Who leaked the emails? That’s what all of us who followed Hollywood wondered at the time. Maybe Apatow? Maybe someone in his circle that he had forwarded the exchange to — presumably with the subject line “Can you believe this guy?” However it happened, the leak was pure gold, an opportunity for the rest of us to see what happens behind closed doors. It felt so intimate, so not something we were supposed to be seeing. Of course, all of that made the whole thing that much more hilarious.

Before there was such a thing as “going viral,” this leak went everywhere — so much so that Variety wrote about it in early December, getting both men on the record about the fracas. (Brazill referred to the emails as “a private exchange between two writers. I sent it, I regret it and I’ve apologized to Judd.” Meanwhile, Apatow told Variety, “I can think of nothing less important in the world than this.”) 

It’s wild to imagine what would have happened today if the same thing had occurred. Social media would have gone wild for days. Talk shows and Saturday Night Live would have had a field day with it. We’d never hear the end of it. That’s another thing that makes this feud so special: It existed during the web’s early days. Not everybody remembers it. It’s a fun little gem those of us who lived through it can share with others, like a delightful gift.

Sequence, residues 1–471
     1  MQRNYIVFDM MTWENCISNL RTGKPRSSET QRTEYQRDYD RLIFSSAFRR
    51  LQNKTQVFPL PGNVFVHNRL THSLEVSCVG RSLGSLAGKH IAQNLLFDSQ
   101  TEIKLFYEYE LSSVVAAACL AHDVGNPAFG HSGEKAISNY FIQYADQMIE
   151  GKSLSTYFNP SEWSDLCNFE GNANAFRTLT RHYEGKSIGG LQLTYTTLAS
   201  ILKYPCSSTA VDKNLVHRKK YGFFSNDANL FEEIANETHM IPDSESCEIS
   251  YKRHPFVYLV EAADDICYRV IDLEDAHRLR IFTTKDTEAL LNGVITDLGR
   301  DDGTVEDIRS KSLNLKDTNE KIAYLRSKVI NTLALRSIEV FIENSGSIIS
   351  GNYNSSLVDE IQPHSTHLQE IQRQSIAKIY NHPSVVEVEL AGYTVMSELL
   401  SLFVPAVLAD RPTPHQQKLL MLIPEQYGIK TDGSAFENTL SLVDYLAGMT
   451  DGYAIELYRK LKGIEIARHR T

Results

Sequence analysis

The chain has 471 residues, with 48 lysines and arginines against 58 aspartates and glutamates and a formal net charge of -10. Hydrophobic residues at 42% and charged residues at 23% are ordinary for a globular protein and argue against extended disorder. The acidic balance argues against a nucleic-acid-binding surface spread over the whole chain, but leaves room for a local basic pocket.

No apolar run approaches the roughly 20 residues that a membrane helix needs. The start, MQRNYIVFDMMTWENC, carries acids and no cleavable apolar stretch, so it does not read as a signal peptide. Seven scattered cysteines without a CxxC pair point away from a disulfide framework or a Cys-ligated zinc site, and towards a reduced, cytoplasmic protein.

Eventually, everybody moved on, but occasionally we’d all be reminded of what had taken place. Harper’s Magazine published the exchange in its March 2002 issue. Vulture made a brief mention about the whole brouhaha in 2011. And as Apatow became more successful, establishing himself as one of cinema’s comedy auteurs, Brazill focused on other matters. He was a writer on the Disney XD series Lab Rats, and apparently he’s involved with That ‘90s Show as well. Funny enough, Apatow had foreseen this back in 2001. As his final kiss-off, Apatow wrote sarcastically, “Good luck with That ‘80s Show. And I look forward to That ‘90s Show.” 

Twenty-two years later, the prophecy has been fulfilled.